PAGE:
Women on boards: Enforce it firmly

When the Companies Act of 2013 prescribed that companies of a certain category should have at least one woman director on their boards, it was considered a good step to ensure better gender representation at top corporate decision-making levels. But most companies have not acted on the provision even after the deadline for compliance passed in March this year, and the government is thinking of taking action against them. It has issued notices to many companies to explain why they failed to implement the law. Appropriate action, including imposition of penalties, may be taken for non-compliance. The government has also sought information from SEBI on any action taken against companies for failure to abide by the provision. The law has mandated that companies with a paid-up share capital of Rs 100 crore and above or a minimum turnover of Rs 300 crore should have a woman on the board of directors. 

Mandatory reservation is a tool often adopted by governments to give fair representation to social groups in fields like education, on official bodies and institutions and in other forums. Social and other prejudices on the part of authorities and decision-makers and backwardness resulting from historical oppression of some sections call for corrective actions like mandatory representation. While there is greater gender diversity in workplaces, representation for women is very poor at the board level. The argument that eligible women are not available is often an excuse. When women have excelled themselves is all professions, they cannot be considered lacking in qualities for board room positions. The case for more women directors is not just one for gender equality. Surveys have shown that companies with greater representation of women on their boards have performed better in terms of business than others with less representation. Such companies have also been less involved in problems like fraud and financial malpractices. Corporate governance has generally been better in such companies.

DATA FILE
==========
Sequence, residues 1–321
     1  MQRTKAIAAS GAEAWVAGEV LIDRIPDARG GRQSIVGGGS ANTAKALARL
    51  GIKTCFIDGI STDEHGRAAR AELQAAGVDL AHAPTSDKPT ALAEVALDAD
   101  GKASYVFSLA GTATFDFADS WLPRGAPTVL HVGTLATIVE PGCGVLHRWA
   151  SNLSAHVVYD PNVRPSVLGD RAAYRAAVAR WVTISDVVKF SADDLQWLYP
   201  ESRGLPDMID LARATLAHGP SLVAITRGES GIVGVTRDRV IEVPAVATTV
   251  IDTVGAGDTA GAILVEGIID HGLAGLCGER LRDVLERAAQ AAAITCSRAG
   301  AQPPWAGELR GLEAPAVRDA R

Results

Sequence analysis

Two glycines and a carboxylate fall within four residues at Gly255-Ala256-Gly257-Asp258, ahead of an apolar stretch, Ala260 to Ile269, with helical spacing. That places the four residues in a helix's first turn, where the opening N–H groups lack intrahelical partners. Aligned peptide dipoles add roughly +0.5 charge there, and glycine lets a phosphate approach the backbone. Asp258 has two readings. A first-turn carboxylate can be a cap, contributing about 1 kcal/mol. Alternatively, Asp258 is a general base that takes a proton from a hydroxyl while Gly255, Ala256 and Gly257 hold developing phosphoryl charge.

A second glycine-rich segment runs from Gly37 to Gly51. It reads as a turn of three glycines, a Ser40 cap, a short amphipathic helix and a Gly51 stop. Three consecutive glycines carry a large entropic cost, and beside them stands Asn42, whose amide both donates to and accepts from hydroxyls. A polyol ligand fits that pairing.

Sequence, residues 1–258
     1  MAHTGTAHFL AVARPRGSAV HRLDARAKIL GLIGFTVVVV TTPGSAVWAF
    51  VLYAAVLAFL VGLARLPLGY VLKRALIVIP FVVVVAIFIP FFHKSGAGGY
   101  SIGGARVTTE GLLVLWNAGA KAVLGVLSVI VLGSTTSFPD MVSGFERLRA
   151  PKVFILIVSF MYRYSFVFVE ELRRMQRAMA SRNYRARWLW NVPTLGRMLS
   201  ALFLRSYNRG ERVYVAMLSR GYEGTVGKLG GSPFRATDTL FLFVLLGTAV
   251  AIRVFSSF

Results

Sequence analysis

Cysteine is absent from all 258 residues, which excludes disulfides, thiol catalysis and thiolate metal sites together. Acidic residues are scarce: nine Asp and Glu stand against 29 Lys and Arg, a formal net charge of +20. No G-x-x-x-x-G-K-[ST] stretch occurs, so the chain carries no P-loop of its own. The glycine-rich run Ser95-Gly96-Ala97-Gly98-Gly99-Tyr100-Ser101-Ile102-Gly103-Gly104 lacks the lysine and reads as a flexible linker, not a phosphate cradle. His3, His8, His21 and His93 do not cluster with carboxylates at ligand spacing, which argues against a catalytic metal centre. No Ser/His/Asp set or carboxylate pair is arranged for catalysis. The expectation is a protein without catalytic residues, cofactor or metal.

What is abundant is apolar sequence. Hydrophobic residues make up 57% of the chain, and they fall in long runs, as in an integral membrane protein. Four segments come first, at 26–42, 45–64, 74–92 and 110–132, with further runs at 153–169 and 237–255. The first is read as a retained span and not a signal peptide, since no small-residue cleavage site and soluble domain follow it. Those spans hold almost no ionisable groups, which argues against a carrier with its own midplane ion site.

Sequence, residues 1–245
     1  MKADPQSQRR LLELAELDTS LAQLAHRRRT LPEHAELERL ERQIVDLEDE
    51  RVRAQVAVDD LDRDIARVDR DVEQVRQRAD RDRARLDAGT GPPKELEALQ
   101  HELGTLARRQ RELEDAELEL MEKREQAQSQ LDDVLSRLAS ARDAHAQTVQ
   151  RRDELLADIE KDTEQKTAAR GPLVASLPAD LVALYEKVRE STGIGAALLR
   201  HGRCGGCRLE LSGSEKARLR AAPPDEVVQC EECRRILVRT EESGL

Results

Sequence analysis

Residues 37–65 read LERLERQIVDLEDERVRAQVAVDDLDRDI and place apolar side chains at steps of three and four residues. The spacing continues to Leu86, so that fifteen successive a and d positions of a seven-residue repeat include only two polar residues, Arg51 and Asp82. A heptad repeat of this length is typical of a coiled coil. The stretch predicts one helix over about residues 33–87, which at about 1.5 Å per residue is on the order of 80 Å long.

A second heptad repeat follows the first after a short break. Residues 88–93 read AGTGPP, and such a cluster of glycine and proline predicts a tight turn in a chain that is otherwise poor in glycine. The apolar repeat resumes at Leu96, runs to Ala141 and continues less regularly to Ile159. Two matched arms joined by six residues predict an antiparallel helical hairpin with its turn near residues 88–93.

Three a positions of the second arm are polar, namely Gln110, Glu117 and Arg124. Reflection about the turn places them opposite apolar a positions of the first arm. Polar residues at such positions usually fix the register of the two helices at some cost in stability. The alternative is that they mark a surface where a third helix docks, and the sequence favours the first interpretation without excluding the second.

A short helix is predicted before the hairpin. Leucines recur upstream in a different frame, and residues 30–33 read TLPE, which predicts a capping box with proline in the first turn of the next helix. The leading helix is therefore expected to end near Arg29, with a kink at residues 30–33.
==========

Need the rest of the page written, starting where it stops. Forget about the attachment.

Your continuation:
The need to have more women on companies’ boards has engaged the attention of all countries.  Female membership in corporate boards is just over 10 per cent in the world, while women form half of the population. Much of this percentage is accounted for by developed countries. Even in some of those countries like Germany there is legally mandated quota for women on companies’ boards. Since most companies will not willingly appoint women on their boards and it may take many decades for women to secure fair representation by fighting for it, a legal mandate is needed for it. The government should enforce it.

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